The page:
Francis Poulenc

Paris, 1899 - 1963

Born in Paris to a very well-off family—his father was the famed industrialist Poulenc of the Rhône-Poulenc company—, Francis Poulenc began to study piano with his mother at the age of 5. In 1915, he went to study with Ricardo Viñes, who introduced him to the who’s who of the Paris musical avant-garde: Debussy, Ravel, Stravinsky, Satie… and to poets Guillaume Apollinaire, Paul Éluard, and Max Jacob… His first work, Rhapsodie nègre (1917), enraged the jury at the Conservatoire, which closed its doors to him forever. The work would nevertheless go on to bring him enduring success. A member of what Cocteau called the “Group of Six” (with Georges Auric, Louis Durey, Arthur Honegger, Darius Milhaud, and Germaine Taillefer), he was nicknamed the “bad boy” of music for his many homosexual adventures. He said that he “composed by instinct” and that his music of the time was almost always light-hearted. He therefore did not dabble in traditional genres, save for his 2 posthumous sonatas—one for oboe and piano, the other for clarinet and piano. According to his fancy (and to commissions), he composed ballets, aubades, eccentric concertos, and several other pieces for unusual groups, with a pen whose verve was equalled only by its abundance and diversity. His 3 operas are perfect examples: the irresistibly scathing humour of Les Mamelles de Tirésias, the serious drama of Dialogues des carmélites, and the psychological monodrama La voix humaine.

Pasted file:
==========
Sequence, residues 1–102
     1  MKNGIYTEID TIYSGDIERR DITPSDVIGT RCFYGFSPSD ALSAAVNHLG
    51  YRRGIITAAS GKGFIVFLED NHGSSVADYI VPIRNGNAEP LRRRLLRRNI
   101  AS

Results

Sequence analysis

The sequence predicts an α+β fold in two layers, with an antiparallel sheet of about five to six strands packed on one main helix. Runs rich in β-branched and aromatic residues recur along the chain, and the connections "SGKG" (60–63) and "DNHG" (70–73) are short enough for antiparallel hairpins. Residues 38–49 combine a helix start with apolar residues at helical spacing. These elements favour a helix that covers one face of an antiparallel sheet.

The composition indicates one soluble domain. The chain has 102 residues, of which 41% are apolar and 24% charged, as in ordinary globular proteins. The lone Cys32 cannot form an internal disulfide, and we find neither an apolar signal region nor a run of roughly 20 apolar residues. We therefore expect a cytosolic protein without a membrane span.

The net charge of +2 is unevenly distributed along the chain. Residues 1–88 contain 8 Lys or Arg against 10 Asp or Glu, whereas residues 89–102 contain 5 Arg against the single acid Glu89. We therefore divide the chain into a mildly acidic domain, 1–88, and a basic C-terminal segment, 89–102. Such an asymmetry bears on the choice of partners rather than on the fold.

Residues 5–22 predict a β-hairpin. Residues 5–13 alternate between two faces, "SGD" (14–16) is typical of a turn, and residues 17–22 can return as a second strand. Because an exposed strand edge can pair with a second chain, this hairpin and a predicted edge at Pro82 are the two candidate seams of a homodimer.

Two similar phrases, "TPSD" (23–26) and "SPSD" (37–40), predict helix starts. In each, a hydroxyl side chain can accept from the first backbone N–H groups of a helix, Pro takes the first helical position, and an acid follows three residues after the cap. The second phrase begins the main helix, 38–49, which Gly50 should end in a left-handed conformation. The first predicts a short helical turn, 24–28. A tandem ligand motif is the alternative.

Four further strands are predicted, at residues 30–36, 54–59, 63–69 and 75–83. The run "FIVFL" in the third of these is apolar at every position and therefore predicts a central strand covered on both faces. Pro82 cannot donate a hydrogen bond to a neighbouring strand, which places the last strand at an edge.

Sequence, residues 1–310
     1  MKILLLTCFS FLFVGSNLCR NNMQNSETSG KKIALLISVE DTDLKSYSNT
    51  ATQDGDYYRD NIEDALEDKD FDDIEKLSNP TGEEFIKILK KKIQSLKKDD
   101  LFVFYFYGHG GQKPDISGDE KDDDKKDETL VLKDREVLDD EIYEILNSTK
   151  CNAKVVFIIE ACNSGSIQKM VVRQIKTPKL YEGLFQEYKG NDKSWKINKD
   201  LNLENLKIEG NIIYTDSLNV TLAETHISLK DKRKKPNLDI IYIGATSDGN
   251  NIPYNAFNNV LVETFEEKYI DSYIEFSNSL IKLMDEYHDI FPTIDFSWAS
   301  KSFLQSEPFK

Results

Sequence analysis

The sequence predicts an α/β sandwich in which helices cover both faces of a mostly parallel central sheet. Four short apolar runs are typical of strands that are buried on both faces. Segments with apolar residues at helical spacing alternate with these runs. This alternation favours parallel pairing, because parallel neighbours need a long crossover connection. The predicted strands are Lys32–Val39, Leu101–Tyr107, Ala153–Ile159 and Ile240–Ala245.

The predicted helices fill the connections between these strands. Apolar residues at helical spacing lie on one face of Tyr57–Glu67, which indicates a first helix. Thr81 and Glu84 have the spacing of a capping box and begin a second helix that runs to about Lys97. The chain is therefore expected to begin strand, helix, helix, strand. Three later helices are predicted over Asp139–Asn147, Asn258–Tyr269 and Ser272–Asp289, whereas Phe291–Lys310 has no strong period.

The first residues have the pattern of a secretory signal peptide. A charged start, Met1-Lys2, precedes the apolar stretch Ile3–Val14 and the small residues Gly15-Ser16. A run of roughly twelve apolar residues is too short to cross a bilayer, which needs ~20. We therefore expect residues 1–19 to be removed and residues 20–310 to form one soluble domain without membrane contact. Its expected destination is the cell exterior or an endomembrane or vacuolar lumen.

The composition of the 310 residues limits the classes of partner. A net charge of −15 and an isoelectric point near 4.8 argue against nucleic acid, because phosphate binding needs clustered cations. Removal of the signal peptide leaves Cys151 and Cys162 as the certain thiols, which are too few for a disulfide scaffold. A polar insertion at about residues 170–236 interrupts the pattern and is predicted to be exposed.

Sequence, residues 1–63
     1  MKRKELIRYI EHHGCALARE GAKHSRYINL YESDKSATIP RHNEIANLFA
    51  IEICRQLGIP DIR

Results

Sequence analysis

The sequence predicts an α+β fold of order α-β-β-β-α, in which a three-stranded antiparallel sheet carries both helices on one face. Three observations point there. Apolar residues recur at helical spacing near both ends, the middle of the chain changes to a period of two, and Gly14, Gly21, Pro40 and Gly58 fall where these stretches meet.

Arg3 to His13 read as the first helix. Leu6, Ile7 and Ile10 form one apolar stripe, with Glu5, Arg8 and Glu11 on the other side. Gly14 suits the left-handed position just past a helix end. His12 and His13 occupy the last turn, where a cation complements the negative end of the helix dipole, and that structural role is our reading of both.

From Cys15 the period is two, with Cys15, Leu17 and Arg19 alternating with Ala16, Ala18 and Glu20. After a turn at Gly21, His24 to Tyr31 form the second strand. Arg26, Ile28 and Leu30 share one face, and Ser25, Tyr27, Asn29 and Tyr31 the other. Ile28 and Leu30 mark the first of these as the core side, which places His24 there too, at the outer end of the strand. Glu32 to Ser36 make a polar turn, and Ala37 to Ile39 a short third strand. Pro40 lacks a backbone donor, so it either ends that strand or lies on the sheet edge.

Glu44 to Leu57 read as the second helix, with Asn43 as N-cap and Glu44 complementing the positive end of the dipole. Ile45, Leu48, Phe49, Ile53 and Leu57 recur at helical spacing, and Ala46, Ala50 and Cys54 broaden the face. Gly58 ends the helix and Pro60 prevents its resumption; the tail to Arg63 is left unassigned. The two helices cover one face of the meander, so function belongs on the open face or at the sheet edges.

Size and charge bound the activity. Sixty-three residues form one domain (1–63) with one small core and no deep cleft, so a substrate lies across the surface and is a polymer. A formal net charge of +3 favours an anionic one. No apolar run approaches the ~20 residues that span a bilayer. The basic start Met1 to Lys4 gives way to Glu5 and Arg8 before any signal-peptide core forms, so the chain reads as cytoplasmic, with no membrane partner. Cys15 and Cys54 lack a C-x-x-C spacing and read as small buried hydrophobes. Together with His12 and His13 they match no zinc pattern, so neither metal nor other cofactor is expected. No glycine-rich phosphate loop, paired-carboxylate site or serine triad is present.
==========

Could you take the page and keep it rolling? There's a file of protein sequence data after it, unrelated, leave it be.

He toured frequently with Pierre Bernac, his friend and favourite performer (he wrote 90 of his some 145 songs for him), notably in America where he had two fateful encounters—with composer Samuel Barber and singer Leontyne Price, who would always support his work (in fact, Leontyne Price appeared in the American premiere of Dialogues des carmélites in San Francisco). After his father’s death (1935), Poulenc made a profound and sincere return to Catholicism, which would colour a good part of his work from that point forward (Gloria, Stabat Mater, and Dialogues des carmélites). Resolutely loyal to the aesthetic of the Golden Twenties and Diaghilev’s Ballets Russes, to the spirit of the surrealists and of Dada, he remained impervious to other trends. Despite, or because of, his marginality, and much like many of the French masters, his stature was always that of a unique composer, as atypical as he is universally recognized and appreciated.